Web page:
When any owner of land the title to which is not registered, or of any interest in such land, signs and instrument in writing conveying or purporting to convey his land or interest, or in any manner affecting or purporting to affect his title thereto, and the instrument, whether or not entitled to record, is recorded, and indexed, in the registry of deeds for the district wherein such land is situated, and a period of ten years elapses after the instrument is accepted for record, and the instrument or the record thereof because of defect, irregularity or omission fails to comply in any respect with any requirement of law relating to seals, corporate or individual, to the validity of acknowledgment, to certificate of acknowledgment, witnesses, attestation, proof of execution, or time of execution, to recitals of consideration, residence, address, or date, to the authority of a person signing for a corporation who purports to be the president or treasurer or a principal officer of the corporation, such instrument and the record thereof shall notwithstanding any or all of such defects, irregularities and omissions, be effective for all purposes to the same extent as though the instrument and the record thereof had originally not been subject to the defect, irregularity or omission, unless within said period of ten years a proceeding is commenced on account of the defect, irregularity or omission, and notice thereof is duly recorded in said registry of deeds and indexed and noted on the margin thereof under the name of the signer of the instrument and, in the event of such proceeding, unless relief is thereby in due course granted.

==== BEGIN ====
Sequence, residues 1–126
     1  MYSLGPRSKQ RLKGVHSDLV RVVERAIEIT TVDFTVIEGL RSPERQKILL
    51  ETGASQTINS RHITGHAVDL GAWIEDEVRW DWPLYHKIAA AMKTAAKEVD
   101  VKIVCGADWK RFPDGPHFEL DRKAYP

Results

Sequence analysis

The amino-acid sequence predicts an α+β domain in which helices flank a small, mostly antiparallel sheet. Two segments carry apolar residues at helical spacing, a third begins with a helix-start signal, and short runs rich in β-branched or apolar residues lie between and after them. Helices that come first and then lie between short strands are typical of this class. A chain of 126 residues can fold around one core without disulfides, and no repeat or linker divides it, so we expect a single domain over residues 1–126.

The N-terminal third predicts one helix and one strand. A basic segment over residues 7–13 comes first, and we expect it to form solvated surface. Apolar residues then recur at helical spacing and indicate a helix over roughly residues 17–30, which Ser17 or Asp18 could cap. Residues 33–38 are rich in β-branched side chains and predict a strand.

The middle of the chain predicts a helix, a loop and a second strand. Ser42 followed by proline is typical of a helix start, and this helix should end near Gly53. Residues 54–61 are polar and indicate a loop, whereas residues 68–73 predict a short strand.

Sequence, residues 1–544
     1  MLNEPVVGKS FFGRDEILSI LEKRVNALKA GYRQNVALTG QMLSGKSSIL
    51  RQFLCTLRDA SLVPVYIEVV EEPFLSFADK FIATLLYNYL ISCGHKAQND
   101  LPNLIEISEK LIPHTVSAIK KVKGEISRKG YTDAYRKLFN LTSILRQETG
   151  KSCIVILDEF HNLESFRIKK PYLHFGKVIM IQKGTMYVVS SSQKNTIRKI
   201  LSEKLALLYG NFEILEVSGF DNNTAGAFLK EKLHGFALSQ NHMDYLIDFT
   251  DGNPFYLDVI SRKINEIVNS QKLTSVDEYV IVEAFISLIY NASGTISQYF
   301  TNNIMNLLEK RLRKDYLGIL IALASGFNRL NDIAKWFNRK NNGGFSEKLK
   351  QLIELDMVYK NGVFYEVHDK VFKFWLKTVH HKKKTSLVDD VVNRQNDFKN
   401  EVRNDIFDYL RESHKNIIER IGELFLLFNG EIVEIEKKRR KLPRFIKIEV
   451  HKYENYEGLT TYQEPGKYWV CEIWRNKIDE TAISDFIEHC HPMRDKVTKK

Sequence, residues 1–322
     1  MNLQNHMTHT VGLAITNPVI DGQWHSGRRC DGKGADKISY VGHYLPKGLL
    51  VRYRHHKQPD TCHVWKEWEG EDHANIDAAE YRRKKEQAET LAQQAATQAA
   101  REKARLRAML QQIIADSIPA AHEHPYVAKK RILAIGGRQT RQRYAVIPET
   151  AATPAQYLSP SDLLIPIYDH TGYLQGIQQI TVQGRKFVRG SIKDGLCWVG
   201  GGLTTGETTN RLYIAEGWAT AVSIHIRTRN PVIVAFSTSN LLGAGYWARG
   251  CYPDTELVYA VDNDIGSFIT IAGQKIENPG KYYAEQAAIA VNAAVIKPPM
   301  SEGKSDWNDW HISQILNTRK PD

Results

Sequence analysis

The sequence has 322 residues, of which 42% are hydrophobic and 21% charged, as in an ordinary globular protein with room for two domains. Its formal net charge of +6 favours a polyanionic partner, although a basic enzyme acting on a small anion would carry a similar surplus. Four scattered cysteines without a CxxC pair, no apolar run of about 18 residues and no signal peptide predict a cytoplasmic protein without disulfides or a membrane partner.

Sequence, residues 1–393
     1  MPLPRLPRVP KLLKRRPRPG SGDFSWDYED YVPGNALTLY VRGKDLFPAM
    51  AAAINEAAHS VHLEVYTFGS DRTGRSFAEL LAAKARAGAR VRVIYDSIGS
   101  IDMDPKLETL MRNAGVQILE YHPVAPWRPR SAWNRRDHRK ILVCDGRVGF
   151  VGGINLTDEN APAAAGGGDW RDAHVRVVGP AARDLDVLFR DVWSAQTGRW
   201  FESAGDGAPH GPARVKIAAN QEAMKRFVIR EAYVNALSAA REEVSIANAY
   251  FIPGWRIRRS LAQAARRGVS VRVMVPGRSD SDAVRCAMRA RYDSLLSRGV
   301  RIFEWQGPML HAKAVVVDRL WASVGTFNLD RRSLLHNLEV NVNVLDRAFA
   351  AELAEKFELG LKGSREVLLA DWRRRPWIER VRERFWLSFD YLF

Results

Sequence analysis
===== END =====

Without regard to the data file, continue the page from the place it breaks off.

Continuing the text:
This is a handy little statute with which to become familiar. It can save a lot of title headaches when you run into one or more of these problems in your back chain of title that would otherwise call into question the effectiveness of the recording of an instrument that made it to record even though it perhaps should not have because of one of these "defects, irregularities or omissions."